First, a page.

Sleep Deprivation Could Be Linked to Alzheimer’s Disease

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Published: April 20, 2018


RH Weekly News Roundup – 20 April 2018

Get Your Beauty Sleep!

Research continues to accumulate confirming the importance of a good night’s sleep. Proper sleep has been linked to improved diet and mood, as well as reduced risk for cardiovascular disease, kidney disease and type-2 diabetes. A study released this month provides insight into how sleep deprivation could be linked to Alzheimer’s disease. Beta-amyloid is a normal metabolic waste product found throughout the brain. But a buildup of beta-amyloid in the brain leads to the formation of amyloid plaques which block neuron communication, contributing to the symptoms of Alzheimer’s disease. It is estimated that beta-amyloid increases by 43% in individuals with Alzheimer’s when compared to cognitively healthy adults. In this study, researchers found an immediate 5% increase in beta-amyloid after a single night of sleep deprivation. While the study was small (just 20 participants) it is one of the first to demonstrate the role that sleep plays in human beta-amyloid clearance.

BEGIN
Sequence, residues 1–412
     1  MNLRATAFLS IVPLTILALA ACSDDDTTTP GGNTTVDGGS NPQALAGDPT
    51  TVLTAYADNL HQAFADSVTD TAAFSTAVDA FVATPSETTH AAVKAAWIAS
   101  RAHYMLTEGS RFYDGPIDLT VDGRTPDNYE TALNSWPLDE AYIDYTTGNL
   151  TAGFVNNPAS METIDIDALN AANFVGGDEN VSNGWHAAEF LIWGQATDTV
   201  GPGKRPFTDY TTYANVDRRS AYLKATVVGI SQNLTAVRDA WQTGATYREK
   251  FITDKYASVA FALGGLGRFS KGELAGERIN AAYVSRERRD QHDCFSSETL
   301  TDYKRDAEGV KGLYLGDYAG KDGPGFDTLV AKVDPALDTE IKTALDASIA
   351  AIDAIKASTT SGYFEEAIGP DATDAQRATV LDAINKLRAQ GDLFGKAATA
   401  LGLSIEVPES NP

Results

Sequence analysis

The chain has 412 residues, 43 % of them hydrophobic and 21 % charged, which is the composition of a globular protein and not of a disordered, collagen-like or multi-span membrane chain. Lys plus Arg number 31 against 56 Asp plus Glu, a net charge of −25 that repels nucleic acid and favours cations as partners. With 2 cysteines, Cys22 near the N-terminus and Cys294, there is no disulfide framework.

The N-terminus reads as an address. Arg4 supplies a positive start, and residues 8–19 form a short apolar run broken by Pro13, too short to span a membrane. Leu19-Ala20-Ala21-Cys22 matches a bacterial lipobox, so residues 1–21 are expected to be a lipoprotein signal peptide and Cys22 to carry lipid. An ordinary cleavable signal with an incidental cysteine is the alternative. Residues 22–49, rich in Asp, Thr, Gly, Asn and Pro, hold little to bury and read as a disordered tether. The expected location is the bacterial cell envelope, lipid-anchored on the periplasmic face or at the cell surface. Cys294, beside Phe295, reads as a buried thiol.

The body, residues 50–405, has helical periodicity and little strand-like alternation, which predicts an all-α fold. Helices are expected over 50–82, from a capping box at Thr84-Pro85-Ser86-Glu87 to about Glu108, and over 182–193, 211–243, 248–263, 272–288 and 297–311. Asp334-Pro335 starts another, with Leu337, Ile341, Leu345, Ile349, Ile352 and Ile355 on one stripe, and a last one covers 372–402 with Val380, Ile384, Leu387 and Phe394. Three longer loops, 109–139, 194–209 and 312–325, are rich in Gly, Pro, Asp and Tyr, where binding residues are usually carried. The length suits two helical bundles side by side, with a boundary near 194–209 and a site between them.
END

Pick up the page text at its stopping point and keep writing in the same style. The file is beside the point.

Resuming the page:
While race and age have been known to affect sleep quality, it is generally believed that good sleep habits can be taught and learned by anyone at any age. Research confirms common sense guidelines including participating in activities that help unwind before going to bed, avoiding computer screens before bedtime, and to be nice to your co-workers to avoid anxiety and stress.  

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Vitamin D, Calcium, and How You Should Protect Your Bones